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Develop Your Child's Vocabulary! Best Reading Materials For KinderChildren typically begin identifying symbols like numbers and alphabets at 4 years old.by Dahl D. Bennett .
SmartParenting.com.ph always gets asked about reading materials for kinder students. But it must be stressed that learning how to read is unique for every child.
Children typically begin identifying symbols like numbers and alphabets at 4, says Dr. Felicitas Pado, a reading expert, a faculty member of Miriam College, and a former professor on Teaching Beginning Reading at the UP College of Education.
Dr. Pado is also a member of the Technical Panel on Teacher Education of the Commission on Higher Education (CHED) and the chair of the Committee on Early Childhood Education.
“Some children may be ready before this age, and some are a bit late,” Dr. Pado says but points out that no child should be forced to read if she is not ready yet. “Otherwise, they might develop a negative attitude towards it.”
How to develop your child’s vocabulary through reading
What is essential is to whet the child’s appetite for reading by reading to her at an early age.
“Children love stories, and reading these storybooks would develop in them the motivation to learn to read. They think, “Sana nakakabasa na ako, para mabasa ko na yang magagandang kuwento,” says Dr. Pado.
The school can teach them how to comprehend, develop critical thinking, use correct grammar, and recognize alphabets and words. But the home is where these skills can be strengthened further.
Asking questions after reading a story helps a lot, says Dr. Pado. “This will develop their oral and language vocabulary, listening comprehension, and book print orientation such as learning that one reads from left to right.”ADVERTISEMENT - CONTINUE READING BELOW
Activities after each storybook can involve writing and spelling games, dramatizing parts of the story, and drawing and writing words in phrases about the illustration.
“Invented spelling is accepted. This refers to writing the words according to how the child hears the sound of the word,” says Dr. Pado.
Apps vs. actual books for kindergarten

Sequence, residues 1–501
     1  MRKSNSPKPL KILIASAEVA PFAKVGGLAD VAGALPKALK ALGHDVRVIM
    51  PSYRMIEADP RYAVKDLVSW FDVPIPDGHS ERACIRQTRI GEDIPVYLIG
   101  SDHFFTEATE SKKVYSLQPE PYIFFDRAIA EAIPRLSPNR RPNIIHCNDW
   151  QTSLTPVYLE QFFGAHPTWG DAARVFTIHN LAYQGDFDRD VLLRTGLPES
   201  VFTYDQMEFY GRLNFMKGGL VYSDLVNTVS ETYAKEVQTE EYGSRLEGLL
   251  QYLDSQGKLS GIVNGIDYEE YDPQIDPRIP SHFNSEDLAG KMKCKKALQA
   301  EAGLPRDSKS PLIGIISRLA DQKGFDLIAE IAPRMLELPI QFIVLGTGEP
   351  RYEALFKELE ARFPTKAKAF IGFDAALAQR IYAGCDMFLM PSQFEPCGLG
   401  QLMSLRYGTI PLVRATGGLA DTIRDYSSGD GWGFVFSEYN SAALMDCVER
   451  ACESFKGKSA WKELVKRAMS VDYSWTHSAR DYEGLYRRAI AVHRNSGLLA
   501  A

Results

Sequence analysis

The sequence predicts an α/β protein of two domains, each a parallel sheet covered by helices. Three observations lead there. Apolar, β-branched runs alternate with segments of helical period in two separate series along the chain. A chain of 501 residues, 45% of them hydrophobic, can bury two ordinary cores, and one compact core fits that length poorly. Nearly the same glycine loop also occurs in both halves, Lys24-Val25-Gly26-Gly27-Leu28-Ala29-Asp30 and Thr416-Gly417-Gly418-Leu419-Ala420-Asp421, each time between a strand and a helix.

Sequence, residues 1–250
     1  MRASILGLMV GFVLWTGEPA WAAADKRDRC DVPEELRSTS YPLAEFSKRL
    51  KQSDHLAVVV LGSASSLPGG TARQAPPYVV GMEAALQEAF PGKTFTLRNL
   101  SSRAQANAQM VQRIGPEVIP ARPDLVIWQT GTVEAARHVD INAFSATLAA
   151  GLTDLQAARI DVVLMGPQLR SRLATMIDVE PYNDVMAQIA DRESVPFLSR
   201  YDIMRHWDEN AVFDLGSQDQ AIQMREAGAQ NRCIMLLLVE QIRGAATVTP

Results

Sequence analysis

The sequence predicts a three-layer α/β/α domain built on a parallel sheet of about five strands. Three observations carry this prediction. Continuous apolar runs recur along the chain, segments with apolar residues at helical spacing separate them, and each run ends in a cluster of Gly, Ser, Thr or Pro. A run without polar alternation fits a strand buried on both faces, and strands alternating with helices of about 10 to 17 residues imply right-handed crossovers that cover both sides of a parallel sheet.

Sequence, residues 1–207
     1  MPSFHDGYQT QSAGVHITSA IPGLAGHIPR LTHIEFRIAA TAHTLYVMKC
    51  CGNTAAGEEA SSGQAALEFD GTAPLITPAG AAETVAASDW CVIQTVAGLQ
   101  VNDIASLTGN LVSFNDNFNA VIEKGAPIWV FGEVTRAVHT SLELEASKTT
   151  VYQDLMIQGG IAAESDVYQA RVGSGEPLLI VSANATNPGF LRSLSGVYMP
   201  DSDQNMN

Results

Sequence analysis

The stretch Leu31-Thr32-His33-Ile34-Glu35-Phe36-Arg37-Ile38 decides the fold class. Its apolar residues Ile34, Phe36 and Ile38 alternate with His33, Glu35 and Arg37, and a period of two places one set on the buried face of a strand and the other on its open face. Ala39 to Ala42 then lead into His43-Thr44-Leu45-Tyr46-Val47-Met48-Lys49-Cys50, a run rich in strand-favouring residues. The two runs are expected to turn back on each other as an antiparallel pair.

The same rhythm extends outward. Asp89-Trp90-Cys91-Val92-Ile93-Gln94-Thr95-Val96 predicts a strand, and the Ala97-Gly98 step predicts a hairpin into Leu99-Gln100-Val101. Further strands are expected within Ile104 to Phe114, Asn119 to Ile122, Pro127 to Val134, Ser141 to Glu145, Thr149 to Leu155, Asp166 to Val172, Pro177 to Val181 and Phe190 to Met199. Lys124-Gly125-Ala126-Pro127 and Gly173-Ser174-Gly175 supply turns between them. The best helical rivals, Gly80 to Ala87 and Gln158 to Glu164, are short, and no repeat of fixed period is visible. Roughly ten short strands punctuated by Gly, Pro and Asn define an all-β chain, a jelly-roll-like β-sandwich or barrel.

Where to find reading materials has never been easier, yes, even during the pandemic. Some popular second-hand bookstores are now online and even offer children’s books in bulk with significant discounts.
While there are so many kinds of books out there that allow reading to be more tactile and entertaining, reading apps are just as interactive, giving parents more options and ways to practice reading with their child.
Some apps offer thousands of stories to choose from, and these are accompanied by read-aloud, games, songs, and a variety of activities that help practice reading.
Among the more popular practice reading apps is ABC Mouse, Epic!, FarFaria, and Starfall.
Dr. Pado, however, points out the advantages of actual books for young readers. “They can flip the pages, look carefully at the prints, and go back to the pages that they like.”
Best reading materials for kindergarten
In looking for the best reading materials for children who are just starting to read, Dr. Pado recommends going reading materials that are:
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- Short enough to match the short attention span of kids
- Use language that is easily understood
- Convey a lesson
- Apply a few lines per page
- Use lines that are repetitive enough to encourage children to join in as they are being read to
Many of these criteria apply to many local children’s books. Dr. Pado recommends these stories written by some of the most esteemed Filipino writers in the country and published by Adarna House:
- Ako si Kaliwa, Ako si Kanan by Russell Molina
- Si Pilong Patago–tago by Kristine Canon
- Ang Madyik Silya ni Titoy by Russell Molina
- Ang Mahiyaing Manok by Rebecca Anonuevo
- Bakit Matagal Ang Sundo Ko? by Kristine Canon
- Si Emang Engkantada at Ang Tatlong Haragan by Rene Villanueva
- Si Pagong at si Matsing by Virgilio Almario
- Tiktaktok at Pikpakbum by Rene Villanueva
Oral activities in kindergarten are crucial
Reading materials for kinder, whether actual or online, are aplenty, and parents will never run out of choices. What matters more is sustaining a child’s interest in reading.
Dr. Pado recommends that parents go slow at the start to test where the child is in terms of her interest and skills. “Don’t force it if she or he is not ready,” she warns.
While workbooks make them more familiar with writing the alphabet and developing their fine motor skills, oral activities are more critical for kindergartners because it allows them to expand their vocabulary and develop phonological awareness.
“Introduce reading through oral activities, games, and contests,” to make them more interesting, says Dr. Pado.
Finally, comparing a child’s reading abilities with another is a sure way to stop them from flipping to the next page. Remember, not all children learn at the same pace.
“Be less critical of slow performance and more generous with praises for improved performance,” Dr. Pado concludes.ADVERTISEMENT - CONTINUE READING BELOW
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